Let's Get Into Action!

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Students will be able to recognize and demonstrate the use of verbs as action words when speaking.

Big Idea

Discussing how pilgrim children played helps students recognize action words.


15 minutes

Gather students on the rug using a preferred classroom management technique. I like to use my “Stop, look, listen.” The students stop what they are doing, look at me and listen for the direction. I usually preface the direction with, “When I say go…” This reminds the students to listen to the whole direction before moving to follow the directive.

In this case I would say, “When I say go I would like you to clear your space, push in your chair and go take a spot on your dot. Walking feet go.” By saying walking feet I am reminding the students to use walking feet in the classroom to ensure safe movement between areas.

Once the students are seated on their spots on the rug I ask them to stand up and do washing machine arms. This action helps the students know they need to move to a location where they will not bump into another student because we are about to do an action song.

“Boys and girls when I say “Go” I need you to stand up and use your washing machine arms to get into a location where you will not be in anyone else’s personal space. Washing machine arms go.”

Now I play the song Fun to Get Fit, by Greg and Steve. The reason I select this song is because there are lots of actions in it and the students get to move about before sitting for the lesson.

Once the song is over I have the students sit back down on their spot on the rug.

While the students are sitting back in their spots, I open a blank screen on the SMARTBoard.

“Can anyone tell me one of the actions we did while we were exercising to get fit?”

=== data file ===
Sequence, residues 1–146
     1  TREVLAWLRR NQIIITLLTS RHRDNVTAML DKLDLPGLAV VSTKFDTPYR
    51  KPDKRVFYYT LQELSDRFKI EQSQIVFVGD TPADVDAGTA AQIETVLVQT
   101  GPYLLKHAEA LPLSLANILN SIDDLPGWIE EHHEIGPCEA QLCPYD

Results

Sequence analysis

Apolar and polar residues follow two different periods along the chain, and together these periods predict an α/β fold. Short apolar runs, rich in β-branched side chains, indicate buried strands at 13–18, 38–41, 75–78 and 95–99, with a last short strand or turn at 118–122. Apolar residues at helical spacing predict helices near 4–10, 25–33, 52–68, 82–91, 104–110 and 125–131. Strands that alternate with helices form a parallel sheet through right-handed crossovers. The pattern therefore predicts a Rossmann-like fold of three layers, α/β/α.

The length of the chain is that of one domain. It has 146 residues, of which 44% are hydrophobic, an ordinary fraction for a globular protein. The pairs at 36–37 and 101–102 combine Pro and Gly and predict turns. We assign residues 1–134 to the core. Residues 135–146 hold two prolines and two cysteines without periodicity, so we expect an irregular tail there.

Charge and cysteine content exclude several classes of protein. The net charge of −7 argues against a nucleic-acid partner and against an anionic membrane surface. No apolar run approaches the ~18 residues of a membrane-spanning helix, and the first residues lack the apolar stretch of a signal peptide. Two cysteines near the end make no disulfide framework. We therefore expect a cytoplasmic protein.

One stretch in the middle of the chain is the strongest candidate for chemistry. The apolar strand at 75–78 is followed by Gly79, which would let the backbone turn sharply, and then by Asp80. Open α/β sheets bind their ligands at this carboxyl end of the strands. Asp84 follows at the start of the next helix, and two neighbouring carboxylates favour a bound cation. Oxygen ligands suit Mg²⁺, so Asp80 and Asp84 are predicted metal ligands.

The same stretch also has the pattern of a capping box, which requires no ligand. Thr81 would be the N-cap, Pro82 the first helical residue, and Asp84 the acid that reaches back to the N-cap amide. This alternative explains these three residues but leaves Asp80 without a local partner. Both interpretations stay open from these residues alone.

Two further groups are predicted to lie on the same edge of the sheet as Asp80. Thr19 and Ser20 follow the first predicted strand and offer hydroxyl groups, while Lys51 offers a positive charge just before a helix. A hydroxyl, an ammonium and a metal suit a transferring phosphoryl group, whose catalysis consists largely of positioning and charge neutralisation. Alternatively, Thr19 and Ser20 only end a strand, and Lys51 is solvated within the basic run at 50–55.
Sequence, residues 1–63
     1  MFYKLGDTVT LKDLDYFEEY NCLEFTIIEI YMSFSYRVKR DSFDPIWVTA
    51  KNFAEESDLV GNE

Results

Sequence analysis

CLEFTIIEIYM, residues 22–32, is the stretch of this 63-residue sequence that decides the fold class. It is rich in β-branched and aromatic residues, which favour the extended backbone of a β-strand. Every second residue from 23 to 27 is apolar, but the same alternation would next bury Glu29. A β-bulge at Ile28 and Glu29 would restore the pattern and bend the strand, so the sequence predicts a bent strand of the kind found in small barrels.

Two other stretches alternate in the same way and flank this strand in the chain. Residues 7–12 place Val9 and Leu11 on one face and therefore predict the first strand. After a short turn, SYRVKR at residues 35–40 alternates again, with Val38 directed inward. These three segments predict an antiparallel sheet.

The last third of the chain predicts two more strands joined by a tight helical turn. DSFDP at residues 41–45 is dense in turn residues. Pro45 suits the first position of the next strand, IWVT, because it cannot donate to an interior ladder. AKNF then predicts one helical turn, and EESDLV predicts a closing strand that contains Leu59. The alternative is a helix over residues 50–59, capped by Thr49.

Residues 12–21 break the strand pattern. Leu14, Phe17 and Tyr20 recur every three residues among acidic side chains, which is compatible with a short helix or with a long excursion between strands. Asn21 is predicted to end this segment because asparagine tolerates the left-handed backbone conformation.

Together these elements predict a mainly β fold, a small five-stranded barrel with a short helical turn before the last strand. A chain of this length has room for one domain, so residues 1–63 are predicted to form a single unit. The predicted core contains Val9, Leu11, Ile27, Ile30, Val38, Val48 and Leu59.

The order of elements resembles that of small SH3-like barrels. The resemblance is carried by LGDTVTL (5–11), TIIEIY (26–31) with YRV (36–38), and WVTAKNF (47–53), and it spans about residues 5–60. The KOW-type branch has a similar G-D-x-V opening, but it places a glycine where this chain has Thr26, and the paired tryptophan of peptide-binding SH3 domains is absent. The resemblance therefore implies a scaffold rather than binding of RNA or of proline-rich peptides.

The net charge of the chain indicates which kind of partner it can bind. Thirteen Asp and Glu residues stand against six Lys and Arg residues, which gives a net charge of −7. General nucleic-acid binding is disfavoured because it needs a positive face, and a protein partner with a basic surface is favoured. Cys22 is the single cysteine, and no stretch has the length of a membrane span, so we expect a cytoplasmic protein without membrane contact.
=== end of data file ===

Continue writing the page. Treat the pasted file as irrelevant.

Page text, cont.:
I use the Fair Sticks to select students to respond to the question and write their response on the board. 

Once I have a good selection written on the board I say, “Great work, we did all of the actions that you mentioned. Now here is a tricky question for you…Who can recall what a noun is?”

“That’s right Shelby it is a person, place or thing. Well an action word is a verb. Can you all say verb?” 

Why verbs?

“Well done. A verb tells us what the noun is doing. For example in the sentence (I write as I talk so I capture my visual learners’ attention) “The dog runs.” The word “dog” is the noun (I circle the word dog in one color) and the word “runs” is the verb (I circle the word runs in a different color).”

“Here is another sentence. The boy likes to jump.”

“Who can tell me the noun?”

“Great Finn; the word boy is the noun. Now who can tell me the verb?”

“Right Brennan; the word jump is the verb.”  

“Well today we are going to read a book about the first Thanksgiving and I would like you to be on the lookout for verbs in our story.” 


40 minutes

“This book is called The Very First Thanksgiving by Rhonda Gowler Greene and illustrated by Susan Gaber.”    Why this book

“Looking at the cover (here I open the book wide and show the students the front and back cover at the same time) can anyone tell me what they see?”

I use the fair sticks to select two or three students to respond to the question.

“Great work team. I also saw the two girls running with dolls in their hands and the two boys standing and talking.”